Boeing on Wednesday defended the Pentagon’s
bidding process for the controversial $35 billion tanker contract, saying
it did not favor the Chicago-based company.
Company officials were surprised when
Boeing’s only rival for the contract, Northrop Grumman and EADS North
America, pulled out of the competition on Monday, said Tim Keating,
Boeing’s senior vice president for government operations.
“It's just not the case that it
[the bidding process] tilted toward one side or the other,” Keating
The request for bids the Pentagon
issued almost two weeks ago favored neither competitor, he insisted.
Northrop Grumman blamed the Pentagon
bidding process when it pulled out this week. It said the process favored
the smaller refueling aircraft offered by Boeing, meaning the Northrop-EADS
team had little chance to win the contract even if it spent millions
on the competition.
The decision leaves Boeing as the
only bidder, and Boeing officials are already working to dispel any
perceptions that the company would take advantage of the situation.
“We remain in a competitive situation,”
Keating said Wednesday. “There is a contract we have to win. We have
not won it yet.”
Sources said the Pentagon had been
prepared for a scenario in which one of the competitors bowed out, but
it is unclear how the Pentagon will proceed.
The Pentagon can keep the request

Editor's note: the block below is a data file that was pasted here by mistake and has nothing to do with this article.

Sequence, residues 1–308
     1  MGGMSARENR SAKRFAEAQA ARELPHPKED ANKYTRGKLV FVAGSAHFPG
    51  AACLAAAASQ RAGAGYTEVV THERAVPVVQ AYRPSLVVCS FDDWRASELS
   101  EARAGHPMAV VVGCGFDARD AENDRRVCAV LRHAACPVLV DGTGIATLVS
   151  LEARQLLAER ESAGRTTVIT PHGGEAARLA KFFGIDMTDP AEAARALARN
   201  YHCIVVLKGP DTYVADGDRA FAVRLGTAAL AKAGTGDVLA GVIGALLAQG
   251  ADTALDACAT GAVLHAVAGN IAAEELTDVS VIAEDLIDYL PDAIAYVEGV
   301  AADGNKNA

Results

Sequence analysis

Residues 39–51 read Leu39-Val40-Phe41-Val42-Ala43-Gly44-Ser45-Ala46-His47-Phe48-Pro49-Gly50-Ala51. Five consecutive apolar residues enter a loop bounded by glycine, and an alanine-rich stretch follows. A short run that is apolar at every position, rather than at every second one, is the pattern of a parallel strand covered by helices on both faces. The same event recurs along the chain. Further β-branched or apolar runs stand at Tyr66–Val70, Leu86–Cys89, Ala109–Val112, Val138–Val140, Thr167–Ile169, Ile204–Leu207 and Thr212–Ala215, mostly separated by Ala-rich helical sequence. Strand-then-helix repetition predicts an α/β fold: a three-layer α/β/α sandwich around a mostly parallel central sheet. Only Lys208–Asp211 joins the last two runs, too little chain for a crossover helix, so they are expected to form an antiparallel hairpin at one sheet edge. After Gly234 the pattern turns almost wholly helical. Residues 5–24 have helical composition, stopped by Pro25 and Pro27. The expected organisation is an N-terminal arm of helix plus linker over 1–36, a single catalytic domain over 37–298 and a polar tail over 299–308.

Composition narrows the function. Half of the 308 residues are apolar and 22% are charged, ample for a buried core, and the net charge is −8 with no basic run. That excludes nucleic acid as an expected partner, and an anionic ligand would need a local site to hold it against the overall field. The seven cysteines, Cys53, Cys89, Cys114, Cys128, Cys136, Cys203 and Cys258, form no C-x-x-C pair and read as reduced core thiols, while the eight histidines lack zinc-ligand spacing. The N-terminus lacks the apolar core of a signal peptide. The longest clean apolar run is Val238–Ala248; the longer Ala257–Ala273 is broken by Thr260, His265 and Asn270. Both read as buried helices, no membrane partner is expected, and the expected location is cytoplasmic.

for proposals on the current schedule, with the bids due May 10. The
Pentagon can also choose to truncate the request for proposals process
by sending out letters of intent to go to a sole source.
Boeing has repeatedly argued the contract
will create jobs at a time of high unemployment.
On Wednesday, a report commissioned
by Boeing found a Boeing-built tanker would create 10 times as many
new U.S. jobs as the one that Northrop and EADS would have built.
The study was released by Sonecon
LLC, a private consultancy headed by Robert Shapiro, a U.S. undersecretary
of commerce for economic affairs from 1997 to 2001.
Specifically, Shapiro’s study found
that Boeing would create between 62,605 and 70,706 new U.S. jobs over
the life of the contract. By contrast, the Northrop-EADS tanker would
have led to the creation of up to 7,080 new U.S. jobs, according to
The study was done before Northrop
announced its withdrawal.
The disparity in job numbers was attributed
to a higher level of investment in U.S. plants, property and equipment
by Boeing than by Northrop-EADS. The Shapiro study assumes that EADS,
the European consortium behind Airbus, would be the primary company
in the Northrop-EADS partnership for the tanker.
Northrop and EADS have long argued that they rely heavily on U.S. manufacturing and that their bid would lead to more than 48,000 direct and indirect jobs in the United States.
Silla Brush contributed to this article.